Joanne Egan

On the lookout

Citizens on Patrol enhance policing in Sidney and North Saanich

Joanne Egan slips around Sidney and North Saanich streets seemingly unnoticed. She always has a partner in the car seat next to her and a cellphone on hand.

“You’re alert, you’re looking,” she says. “I’m always exhausted the next day.”

Egan is a member of the Citizens on Patrol Society that keeps watch over the area.

“We get in our own vehicles and we drive around for four hours,” she says. “Anything we see that’s out of the ordinary, we call it in and the police take over.”

On nearly every shift Egan makes a call to dispatch to report something. The volunteers are always on the lookout for the obvious – such as illegal beachfires – or situations where their intuition throws up a red flag.

Egan and her husband started volunteering after retirement. In her career, Egan worked in a civilian capacity alongside police and felt the COPS program was a good fit.

“I wanted to give back to the community,” she says.

“It’s a very nice feeling to be patrolling in this community. It feels like a very safe community to me.”

The first patrol went out in July 2009, in response to Sidney-North Saanich RCMP’s tackling of the vandalism problem.

“We started as a result of Sgt. (Wayne) Conley’s desire for a patrol program to be a set of eyes and ears for the uniformed members,” says society president and founding member Bill Rothery, who worked 22 years as a civil member with the Esquimalt Police Department.

In conjunction with the Town of Sidney and the town’s Police Advisory Committee, of which Rothery was a member, they researched and implemented COPS.

“It’s a partnership between the town, police and volunteers, collaborating together to enhance public safety and reduce property crime,” says Conley. “Right from the get-go, there was total support from the Town of Sidney. They made it a priority.”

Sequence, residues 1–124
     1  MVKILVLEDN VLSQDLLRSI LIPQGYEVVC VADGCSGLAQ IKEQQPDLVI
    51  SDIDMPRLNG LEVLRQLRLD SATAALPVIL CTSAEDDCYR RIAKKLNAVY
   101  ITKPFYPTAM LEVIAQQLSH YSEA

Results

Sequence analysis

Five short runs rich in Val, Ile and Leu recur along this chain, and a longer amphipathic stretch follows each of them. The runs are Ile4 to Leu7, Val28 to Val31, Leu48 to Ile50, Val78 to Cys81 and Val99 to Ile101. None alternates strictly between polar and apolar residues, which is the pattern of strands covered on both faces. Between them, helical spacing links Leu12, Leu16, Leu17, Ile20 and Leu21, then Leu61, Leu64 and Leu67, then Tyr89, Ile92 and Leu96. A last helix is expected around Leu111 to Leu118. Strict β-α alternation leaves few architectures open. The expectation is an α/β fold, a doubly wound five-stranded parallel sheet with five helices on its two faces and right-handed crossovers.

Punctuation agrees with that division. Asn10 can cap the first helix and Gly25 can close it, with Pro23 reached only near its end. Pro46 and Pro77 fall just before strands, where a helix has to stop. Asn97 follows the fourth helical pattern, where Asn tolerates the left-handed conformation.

The objectives for COPS are to reduce crime against property and people, reduce graffiti and enhance traffic and pedestrian safety.

“They help focus on some specific areas to make the community safer,” Conley says.

Alongside other policing strategies, the volunteer program is having an impact, he says, with three straight years of reductions in vandalism.

“It’s very difficult to measure … but what I see is we have volunteers who care about their community. And we know that the community and police have to work together. It’s an added enhancement to policing.”

At the start of a shift the volunteers go out with a bag of supplies: flashlights, fire extinguisher, high-visibility vest, clipboard with report forms and a gas card, GPS and computer. With the laptop, COPS volunteers participate in the Stolen Auto Recovery program run by ICBC. They routinely check license plates in search of stolen cars.

At the end of the shift, the volunteers complete an observations report that goes back to the local detachment, providing another resource for officers.

While Rothery and Egan have worked alongside police agencies before, that experience isn’t necessary. Volunteers are interviewed, asked to submit to a police background check, then trained before heading out on a COPS shift.

For more information or to volunteer call Egan at 250-655-2927 or Rothery at 250-656-9293.

reporter@peninsulanewsreview.com

 

 

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